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Yale Biophysicist Thomas Steitz Receives Gairdner Award for Medical Research


New Haven, Conn. — Yale biophysicist Thomas A. Steitz has received one of the four 2007 Gairdner International Awards, among the most prestigious awards in science, for his groundbreaking work on the structure and function of the large subunit of the ribosome and the structural basis for the action of antibiotics that target the ribosome.

“The 2007 awards reflect the importance of basic discoveries that lead to a better understanding of human disease and the development of treatments and cures to alleviate them,” said John Dirks, President and Scientific Director of the Gairdner Foundation.

Thomas A. Steitz, Sterling Professor of Molecular Biophysics & Biochemistry at Yale, and Howard Hughes Medical Institute Investigator, and Harry F. Noller of the University of California at Santa Cruz were honored for their studies on the structure and function of the ribosome, demonstrating that a step in bacterial protein synthesis is an RNA-catalyzed reaction. This step is inhibited by many antibiotics, and understanding the structural basis of the function points the way to the development of new antibiotics.

“A major health consequence of the increasing number of antibiotic resistant bacteria is that two million people every year get infections from them in hospital facilities — and 90,000 per year die from them,” said Steitz.

His close collaboration with Yale faculty colleague, Peter Moore and interactions with William Jorgenson led to the establishment of a company, Rib-X Pharmaceutical, Inc., which is using this knowledge of the structures of the large ribosomal subunit and its antibiotic complexes to create new classes of antibiotics. In just five years, Rib-X, has moved one potential compound into Phase II clinical trials and hope that shortly others will enter the Phase I trials pipeline.

Two additional investigators were honored by the Gairdner Foundation honored for their work in cell biology. C. David Allis of The Rockefeller University discovered the histone code hypothesis, a universal mechanisms for modifications in histone proteins that affect stability of the genome and gene transcription. Kim A. Nasmyth of Oxford University made a series of discoveries pinpointing mechanisms in cell division that are essential to life.

The Gairdner Foundation was established in 1957 by Toronto businessman James A. Gairdner, a successful stockbroker and industrialist. His lifelong practical interest in clinical medicine and medical research led to a conviction that the achievements of medical scientists should be acknowledged in a tangible way.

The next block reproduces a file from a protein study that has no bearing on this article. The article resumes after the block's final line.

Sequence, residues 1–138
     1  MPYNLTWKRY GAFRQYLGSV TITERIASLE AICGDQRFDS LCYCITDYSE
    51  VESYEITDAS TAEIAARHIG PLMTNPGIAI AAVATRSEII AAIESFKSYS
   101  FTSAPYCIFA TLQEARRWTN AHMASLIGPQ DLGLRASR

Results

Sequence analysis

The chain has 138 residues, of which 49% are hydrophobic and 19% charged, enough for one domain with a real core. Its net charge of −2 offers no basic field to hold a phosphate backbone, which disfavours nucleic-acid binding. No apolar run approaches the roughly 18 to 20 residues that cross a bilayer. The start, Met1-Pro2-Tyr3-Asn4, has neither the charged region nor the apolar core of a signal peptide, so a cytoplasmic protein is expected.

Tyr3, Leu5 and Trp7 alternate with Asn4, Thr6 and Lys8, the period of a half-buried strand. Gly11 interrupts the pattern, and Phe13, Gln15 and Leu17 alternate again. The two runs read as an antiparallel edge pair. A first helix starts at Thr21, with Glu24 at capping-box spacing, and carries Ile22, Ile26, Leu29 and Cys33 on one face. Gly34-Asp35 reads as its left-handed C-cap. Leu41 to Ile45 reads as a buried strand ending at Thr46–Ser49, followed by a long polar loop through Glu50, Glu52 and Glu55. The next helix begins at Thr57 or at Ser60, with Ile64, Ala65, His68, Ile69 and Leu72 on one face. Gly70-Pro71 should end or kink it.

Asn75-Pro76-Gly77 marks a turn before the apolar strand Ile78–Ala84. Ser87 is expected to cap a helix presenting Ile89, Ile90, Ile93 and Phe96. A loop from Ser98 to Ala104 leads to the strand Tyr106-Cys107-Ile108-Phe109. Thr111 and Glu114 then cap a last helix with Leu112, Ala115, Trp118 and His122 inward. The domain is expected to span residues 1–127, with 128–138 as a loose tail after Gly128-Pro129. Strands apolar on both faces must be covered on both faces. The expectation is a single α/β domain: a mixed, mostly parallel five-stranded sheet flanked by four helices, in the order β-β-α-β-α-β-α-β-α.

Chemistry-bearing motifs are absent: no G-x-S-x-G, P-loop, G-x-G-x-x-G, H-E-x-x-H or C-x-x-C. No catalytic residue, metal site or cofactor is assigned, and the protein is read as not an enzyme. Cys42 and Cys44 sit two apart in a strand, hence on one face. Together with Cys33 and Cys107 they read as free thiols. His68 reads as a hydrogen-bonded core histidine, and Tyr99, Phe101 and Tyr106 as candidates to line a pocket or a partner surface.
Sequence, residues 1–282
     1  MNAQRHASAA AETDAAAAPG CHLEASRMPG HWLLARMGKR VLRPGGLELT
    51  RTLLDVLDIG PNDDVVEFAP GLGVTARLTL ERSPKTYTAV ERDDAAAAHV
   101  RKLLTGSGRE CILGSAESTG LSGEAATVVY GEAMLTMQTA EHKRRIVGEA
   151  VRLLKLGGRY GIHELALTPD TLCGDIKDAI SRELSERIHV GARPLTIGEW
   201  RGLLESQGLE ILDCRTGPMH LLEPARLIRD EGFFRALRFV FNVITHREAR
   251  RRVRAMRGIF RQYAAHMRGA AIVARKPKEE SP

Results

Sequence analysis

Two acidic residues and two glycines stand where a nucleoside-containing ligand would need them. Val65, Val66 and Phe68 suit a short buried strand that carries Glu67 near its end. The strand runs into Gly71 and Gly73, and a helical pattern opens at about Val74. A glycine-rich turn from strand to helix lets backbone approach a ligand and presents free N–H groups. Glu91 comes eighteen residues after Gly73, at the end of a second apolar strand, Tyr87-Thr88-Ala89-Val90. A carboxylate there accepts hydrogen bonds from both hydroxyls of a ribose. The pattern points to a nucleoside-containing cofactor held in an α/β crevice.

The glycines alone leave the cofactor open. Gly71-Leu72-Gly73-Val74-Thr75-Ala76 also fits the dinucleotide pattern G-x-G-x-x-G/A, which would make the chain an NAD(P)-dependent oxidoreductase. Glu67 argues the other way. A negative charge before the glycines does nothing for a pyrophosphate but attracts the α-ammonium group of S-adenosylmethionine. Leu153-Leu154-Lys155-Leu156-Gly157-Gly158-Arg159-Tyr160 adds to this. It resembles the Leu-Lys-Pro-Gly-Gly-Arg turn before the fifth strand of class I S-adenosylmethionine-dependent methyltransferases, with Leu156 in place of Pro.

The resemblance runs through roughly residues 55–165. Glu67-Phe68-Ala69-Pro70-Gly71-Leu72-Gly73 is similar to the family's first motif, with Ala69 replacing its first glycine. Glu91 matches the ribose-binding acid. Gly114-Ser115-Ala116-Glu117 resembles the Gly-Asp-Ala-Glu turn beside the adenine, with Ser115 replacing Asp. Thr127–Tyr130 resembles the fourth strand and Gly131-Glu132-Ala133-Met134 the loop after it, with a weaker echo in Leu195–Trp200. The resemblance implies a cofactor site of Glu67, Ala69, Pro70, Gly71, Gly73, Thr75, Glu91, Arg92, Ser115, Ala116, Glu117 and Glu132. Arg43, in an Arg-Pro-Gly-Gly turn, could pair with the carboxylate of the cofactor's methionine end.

Since 1959, the Gairdner International Awards have recognized extraordinary accomplishment in medical science; they are acknowledgements of achievement, rather than grants for the support of future research. The awards honor outstanding contributions by medical scientists worldwide whose work will significantly improve the quality of life. Of the 283 Gairdner winners, 68 have gone on to win the Nobel Prize.

As part of the Gairdner’s mandate to communicate the work of medical researchers, each October, Gairdner winners visit universities across Canada and present academic lectures on their area of expertise. Each prize carries a cash award of $CDN 30,000 (about $26,700).

Since 2003, the lead national sponsor of the Gairdner awards has been the Canadian Institutes of Health Research (CIHR), the major federal agency responsible for funding health research in Canada that supports the work of 10,000 researchers in universities, teaching hospitals and research institutes across Canada.

Three additional Yale faculty members have received Gairdner International Awards in the recent past. In 2006, Joan Steitz, Sterling Professor of Molecular Biophysics and Biochemistry, was honored for her work on small nuclear RNAs in gene expression. That same year Thomas Pollard, M.D., Sterling Professor and Chair of Molecular Cellular & Developmental Biology was recognized for discoveries about the cell’s cytoskeleton, and the basis of cell motility and its relevance to human disease. In 2004, Arthur Horwich, M.D., Higgins Professor of Genetics and Pediatrics was cited for his discoveries about protein folding in the cell and its relevance to neurodegeneration.


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